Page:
A cartomancy client recently asked me the following question, and I thought it was a great one, and worth sharing my answer more widely (with their permission), as many people have inquired to me over the years about various aspects of how to properly phrase a question for a diviner. Of course every diviner will likely have their own beliefs and preferences on the matter, and I am only speaking from my own experience here.

“I was wondering whether it’s possible to ask a question in a poetic manner, or whether that would lead to non-productive answers.”

Good question! I think there’s a tricky balancing act here, especially when formulating a question for an outside reader (rather than doing your own divination). Because on the one hand, I prefer people to ask simple, not too detailed questions, just enough to pinpoint the general gist of the matter, so that I do not have any opportunity to cloud the reading with my own thoughts on the matter. One way to do this is to phrase things poetically. Certainly sometimes the responses come through in a poetic manner, full of symbolism and allusion rather than direct statements – as was common in antiquity.

But, on the other hand, it can be potentially problematic if you phrase it so vaguely that it becomes hard to interpret the response, or the response you get doesn’t quite address what you really wanted to know. On top of that, there are certain entities (fairies being the prime example, historically) where you want to be really careful about how you say anything, because they may take advantage of ambiguity to mislead or confuse. In those cases, you want to be as careful and precise in your language as possible.

That all being said, my general belief is that the gods know what you need, and will give you the answer that best serves you. Sometimes, that even means that they answer a question you didn’t really ask, because you didn’t ask the right thing – that’s happened a number of times. So I would advise, generally speaking, to be clear on your intent, and on the problem at hand, in your mind, but feel free to be a bit more obscure or poetic in your phrasing when conveying that to me for a reading.

Gods don’t really have faces

•July 31, 2021 • 9 Comments

Was just reading this great guest post on Numen Arts discussing anthropomorphic artistic depictions of the gods vs more stylized, symbolic or even abstract representations. Quote:

Sib is not a young blonde woman. She is frith, hospitality, the joy and responsibility of welcoming guests to your table. She is the sacred duty of making peace between rivals. She is the bounty and strength and potential of the freshly-tilled soil. She is the truth that we all rely on agriculture and the harvest and the earth for our lives. She is the eternal beauty of the golden hour before sunset.

This is what I was getting at in this old post of mine. We are seriously limiting our understanding of the nature of the gods and our experience of Them if we are stuck in the habit of anthropomorphizing Them (and even more so if our depictions are limited to whatever we personally find attractive). Frankly, I think this may be behind some of the problem of pagans mistaking an attractive character from pop culture (or worse, the actor playing them) for the face of a god. It may seem harmless to think, well if Dionysos came in human form, He might look like [insert popular famous person here]. Certainly, the ancients sometimes thought of their gods as human-looking, with certain hair color or other attributes. But we live in such a spiritually-bankrupt, superficial, image-obsessed culture, one that has no interest in or understanding of the gods. How can we be surprised then that it’s a short step to always thinking of that person’s face when thinking of Dionysos, to subconsciously merging their personalities, to the insidious impiety of treating the god like just another celebrity crush.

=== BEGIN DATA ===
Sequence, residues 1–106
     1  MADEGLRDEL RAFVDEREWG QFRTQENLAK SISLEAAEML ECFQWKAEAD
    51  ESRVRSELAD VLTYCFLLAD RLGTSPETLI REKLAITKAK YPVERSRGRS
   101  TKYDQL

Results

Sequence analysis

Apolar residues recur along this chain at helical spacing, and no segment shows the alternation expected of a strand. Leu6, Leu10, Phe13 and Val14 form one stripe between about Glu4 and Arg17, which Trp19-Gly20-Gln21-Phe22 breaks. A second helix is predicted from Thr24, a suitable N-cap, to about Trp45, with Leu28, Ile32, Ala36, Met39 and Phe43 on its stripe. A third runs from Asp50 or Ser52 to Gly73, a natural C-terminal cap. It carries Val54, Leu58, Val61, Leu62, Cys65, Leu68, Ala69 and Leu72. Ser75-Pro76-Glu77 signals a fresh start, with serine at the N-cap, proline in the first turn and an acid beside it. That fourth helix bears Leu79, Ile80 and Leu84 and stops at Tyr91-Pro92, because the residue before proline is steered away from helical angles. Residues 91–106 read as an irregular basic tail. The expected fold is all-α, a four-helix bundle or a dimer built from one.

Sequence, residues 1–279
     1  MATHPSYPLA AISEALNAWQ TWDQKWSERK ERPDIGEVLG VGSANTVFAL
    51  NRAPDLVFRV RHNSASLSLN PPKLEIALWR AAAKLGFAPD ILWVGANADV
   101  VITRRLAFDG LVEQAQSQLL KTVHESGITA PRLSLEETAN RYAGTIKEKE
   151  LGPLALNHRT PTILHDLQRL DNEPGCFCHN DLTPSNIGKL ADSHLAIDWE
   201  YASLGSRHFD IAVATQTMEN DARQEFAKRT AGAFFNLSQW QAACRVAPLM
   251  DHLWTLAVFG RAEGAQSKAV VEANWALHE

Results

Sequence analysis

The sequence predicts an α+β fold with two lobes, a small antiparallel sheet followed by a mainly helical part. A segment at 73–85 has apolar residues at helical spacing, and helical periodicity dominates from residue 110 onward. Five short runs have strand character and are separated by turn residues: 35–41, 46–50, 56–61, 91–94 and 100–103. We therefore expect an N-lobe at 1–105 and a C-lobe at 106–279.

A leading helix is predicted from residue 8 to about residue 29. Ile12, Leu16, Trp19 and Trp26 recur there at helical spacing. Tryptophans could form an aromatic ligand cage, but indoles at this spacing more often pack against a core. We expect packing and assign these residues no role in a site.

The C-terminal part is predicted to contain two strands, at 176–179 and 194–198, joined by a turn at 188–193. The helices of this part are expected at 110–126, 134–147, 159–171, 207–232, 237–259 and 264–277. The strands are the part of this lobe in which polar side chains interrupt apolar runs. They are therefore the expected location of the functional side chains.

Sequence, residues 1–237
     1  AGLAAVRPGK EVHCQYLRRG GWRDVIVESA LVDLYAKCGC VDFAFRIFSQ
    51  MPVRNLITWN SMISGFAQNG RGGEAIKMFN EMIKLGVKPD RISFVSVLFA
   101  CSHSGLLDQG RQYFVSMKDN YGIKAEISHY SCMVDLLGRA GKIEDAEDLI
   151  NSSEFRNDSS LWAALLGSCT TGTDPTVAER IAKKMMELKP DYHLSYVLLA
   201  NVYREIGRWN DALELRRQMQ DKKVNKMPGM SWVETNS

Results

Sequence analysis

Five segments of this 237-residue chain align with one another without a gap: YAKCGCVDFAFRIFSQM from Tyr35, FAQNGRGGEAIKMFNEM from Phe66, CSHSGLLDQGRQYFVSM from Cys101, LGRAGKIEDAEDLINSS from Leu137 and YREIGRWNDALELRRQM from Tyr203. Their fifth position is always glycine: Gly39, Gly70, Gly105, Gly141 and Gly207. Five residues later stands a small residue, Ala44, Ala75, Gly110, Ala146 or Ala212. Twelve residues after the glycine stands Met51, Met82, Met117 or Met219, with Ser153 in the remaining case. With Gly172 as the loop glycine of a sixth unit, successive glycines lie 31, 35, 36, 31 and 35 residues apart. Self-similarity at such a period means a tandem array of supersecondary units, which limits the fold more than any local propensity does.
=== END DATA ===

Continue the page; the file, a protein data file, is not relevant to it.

These are the holy Powers who shaped the world and move our lives. How can we bear to reduce Them to mere pretty faces? And how limited the faces we allow Them, too – not just predominantly human, but whatever the current ideal of a human is. Do we really think that, should Dionysos choose a face from the ancient gallery, He would always choose one that delights us? That a god of excess and drunkenness would always be lean and muscular? That a god of the Other would always match our expectation of race, gender, or anything else? No, I think we get much closer to the heart of what a god is if we seek something beyond familiar illusions and fantasies, something beyond the human entirely.

As far as I can tell, divine entities taking human form is simply a convenient short-hand that conveys This Is A Person to our stupid brains. It can help us to recognize and engage with these overwhelmingly HUGE beings on a level we can manage. It gives us a focal point for our entreaties and gratitude and adoration. But we should not mistake the mask for what’s behind it.

I think it would be a good practice for all polytheists to try going for a time without any anthropomorphic images of the gods at all. They are, in many ways, a crutch. See if you can connect to the gods on a different level. You might discover entire new ways of knowing Them. Dionysos as a new spring leaf unfurling. Dionysos as the warm tingle of wine in your belly. Dionysos as the exhilarating vertigo of finally letting go of your fear.

Hermes in relief

•July 30, 2021 • 5 Comments

I just stumbled upon something kind of odd and I figured it would be worth sharing here in case (a) any of my readers versed in Classical iconography have any information or theories and (b) other Hermes’ devotees find this interesting at least.

Many years ago, I took this photo of a relief in the Metropolitan Museum of Art. It depicts Hermes in a very striking and particular pose – left hand on hip, right hand holding a kerukeion pinched between index finger and thumb. His angry expression also caught my eye.

I had no idea what to make of it, but figured it was an anomaly perhaps attributable to the individual artist.